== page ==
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I just noticed this construct somewhere on web:

val list = List(someCollection: _*)

What does _* mean? Is this a syntax sugar for some method call? What constraints should my custom class satisfy so that it can take advantage of this syntax sugar?

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3 Answers

Generally, the : notation is used used for type ascription, forcing the compiler to see a value as some particular type. This is not quite the same as casting.

val b = 1 : Byte
val f = 1 : Float
val d = 1 : Double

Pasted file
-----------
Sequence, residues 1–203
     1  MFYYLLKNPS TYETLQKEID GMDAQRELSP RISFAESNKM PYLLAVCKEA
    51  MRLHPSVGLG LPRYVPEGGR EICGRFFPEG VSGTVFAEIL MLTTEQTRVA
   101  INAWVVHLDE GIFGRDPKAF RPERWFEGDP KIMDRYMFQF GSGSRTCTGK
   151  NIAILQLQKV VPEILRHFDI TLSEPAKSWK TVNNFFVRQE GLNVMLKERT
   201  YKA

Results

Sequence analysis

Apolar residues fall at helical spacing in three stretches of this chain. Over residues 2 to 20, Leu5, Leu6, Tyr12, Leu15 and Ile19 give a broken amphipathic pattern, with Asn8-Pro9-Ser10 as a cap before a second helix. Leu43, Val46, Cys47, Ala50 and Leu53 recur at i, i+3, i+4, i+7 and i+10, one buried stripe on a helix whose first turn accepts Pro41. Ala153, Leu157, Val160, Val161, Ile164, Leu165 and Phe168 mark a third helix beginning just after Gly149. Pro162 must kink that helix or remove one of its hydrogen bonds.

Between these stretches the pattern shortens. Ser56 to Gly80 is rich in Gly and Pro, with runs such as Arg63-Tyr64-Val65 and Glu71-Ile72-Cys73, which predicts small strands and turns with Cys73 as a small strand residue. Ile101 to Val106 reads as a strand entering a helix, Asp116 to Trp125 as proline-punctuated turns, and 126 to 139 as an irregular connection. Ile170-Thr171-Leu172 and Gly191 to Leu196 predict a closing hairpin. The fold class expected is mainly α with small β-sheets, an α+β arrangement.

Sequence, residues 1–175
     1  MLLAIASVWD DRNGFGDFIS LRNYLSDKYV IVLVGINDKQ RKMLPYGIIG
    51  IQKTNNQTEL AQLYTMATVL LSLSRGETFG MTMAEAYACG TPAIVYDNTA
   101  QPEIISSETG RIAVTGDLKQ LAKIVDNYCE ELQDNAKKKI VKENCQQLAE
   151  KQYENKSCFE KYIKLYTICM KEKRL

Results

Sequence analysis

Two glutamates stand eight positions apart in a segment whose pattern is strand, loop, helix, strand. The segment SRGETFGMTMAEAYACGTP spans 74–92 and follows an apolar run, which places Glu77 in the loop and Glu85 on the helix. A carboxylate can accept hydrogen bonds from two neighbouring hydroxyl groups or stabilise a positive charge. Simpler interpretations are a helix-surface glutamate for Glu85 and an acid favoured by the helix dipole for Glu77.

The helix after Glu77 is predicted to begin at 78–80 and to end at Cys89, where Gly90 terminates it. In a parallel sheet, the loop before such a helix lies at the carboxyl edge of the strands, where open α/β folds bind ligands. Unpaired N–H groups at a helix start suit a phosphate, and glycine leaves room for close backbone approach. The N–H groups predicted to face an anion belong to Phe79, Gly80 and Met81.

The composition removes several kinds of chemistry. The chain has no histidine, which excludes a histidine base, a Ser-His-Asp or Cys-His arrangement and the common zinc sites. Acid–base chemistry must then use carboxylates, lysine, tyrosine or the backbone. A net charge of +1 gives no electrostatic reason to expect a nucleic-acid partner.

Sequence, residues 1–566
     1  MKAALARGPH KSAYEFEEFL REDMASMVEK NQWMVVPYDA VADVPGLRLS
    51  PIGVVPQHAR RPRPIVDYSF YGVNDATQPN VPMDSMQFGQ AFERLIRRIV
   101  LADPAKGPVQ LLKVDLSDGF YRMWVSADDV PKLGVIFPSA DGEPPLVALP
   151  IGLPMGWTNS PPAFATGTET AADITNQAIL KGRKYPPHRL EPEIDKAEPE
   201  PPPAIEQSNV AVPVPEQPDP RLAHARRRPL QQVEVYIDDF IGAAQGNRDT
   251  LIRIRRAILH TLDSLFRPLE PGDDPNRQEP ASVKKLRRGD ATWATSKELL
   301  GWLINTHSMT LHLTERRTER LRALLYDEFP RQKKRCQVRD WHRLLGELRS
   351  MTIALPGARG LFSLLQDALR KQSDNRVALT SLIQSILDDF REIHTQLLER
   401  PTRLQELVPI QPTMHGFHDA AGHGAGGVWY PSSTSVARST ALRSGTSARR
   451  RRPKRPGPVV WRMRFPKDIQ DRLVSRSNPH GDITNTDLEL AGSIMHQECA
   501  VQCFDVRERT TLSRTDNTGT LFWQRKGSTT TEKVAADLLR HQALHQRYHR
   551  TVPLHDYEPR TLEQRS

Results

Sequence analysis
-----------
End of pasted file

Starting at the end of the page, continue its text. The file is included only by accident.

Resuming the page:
In this case, you're ascribing the special varargs type. This mirrors the asterisk notation used for declaring a varargs parameter and can be used on a variable of any type that subclasses Seq[T]:

def f(args: String*) = ... //varargs parameter, use as an Array[String]
val list = List("a", "b", "c")
f(list : _*)
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That's scala syntax for exploding an array. Some functions take a variable number of arguments and to pass in an array you need to append : _* to the array argument.

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Nitpick: the argument need only be a Seq, or implicitly convertible to a Seq. –  retronym Nov 14 '10 at 15:12
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I'm psychic, I predict you'll see that wildcard a lot in scala:

http://www.slideshare.net/normation/scala-dreaded

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Thanks, that underscore has a lot of uses! –  logan Jul 21 '12 at 17:46
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